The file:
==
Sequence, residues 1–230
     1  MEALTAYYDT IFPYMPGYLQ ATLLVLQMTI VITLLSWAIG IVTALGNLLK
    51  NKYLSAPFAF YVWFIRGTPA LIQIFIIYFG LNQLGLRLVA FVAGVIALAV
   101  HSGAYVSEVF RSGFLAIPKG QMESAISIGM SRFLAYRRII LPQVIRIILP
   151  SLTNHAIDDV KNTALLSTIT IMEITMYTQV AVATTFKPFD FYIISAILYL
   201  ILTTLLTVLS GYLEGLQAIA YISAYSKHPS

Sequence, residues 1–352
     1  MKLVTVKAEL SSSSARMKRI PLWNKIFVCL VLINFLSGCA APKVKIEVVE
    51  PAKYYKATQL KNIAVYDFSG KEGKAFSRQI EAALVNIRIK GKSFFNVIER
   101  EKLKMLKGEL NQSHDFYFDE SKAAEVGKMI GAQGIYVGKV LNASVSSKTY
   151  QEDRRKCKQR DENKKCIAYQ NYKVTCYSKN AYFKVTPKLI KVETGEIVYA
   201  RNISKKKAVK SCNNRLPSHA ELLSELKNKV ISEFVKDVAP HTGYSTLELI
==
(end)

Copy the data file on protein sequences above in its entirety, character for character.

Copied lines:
Sequence, residues 1–230
     1  MEALTAYYDT IFPYMPGYLQ ATLLVLQMTI VITLLSWAIG IVTALGNLLK
    51  NKYLSAPFAF YVWFIRGTPA LIQIFIIYFG LNQLGLRLVA FVAGVIALAV
   101  HSGAYVSEVF RSGFLAIPKG QMESAISIGM SRFLAYRRII LPQVIRIILP
   151  SLTNHAIDDV KNTALLSTIT IMEITMYTQV AVATTFKPFD FYIISAILYL
   201  ILTTLLTVLS GYLEGLQAIA YISAYSKHPS

Sequence, residues 1–352
     1  MKLVTVKAEL SSSSARMKRI PLWNKIFVCL VLINFLSGCA APKVKIEVVE
    51  PAKYYKATQL KNIAVYDFSG KEGKAFSRQI EAALVNIRIK GKSFFNVIER
   101  EKLKMLKGEL NQSHDFYFDE SKAAEVGKMI GAQGIYVGKV LNASVSSKTY
   151  QEDRRKCKQR DENKKCIAYQ NYKVTCYSKN AYFKVTPKLI KVETGEIVYA
   201  RNISKKKAVK SCNNRLPSHA ELLSELKNKV ISEFVKDVAP HTGYSTLELI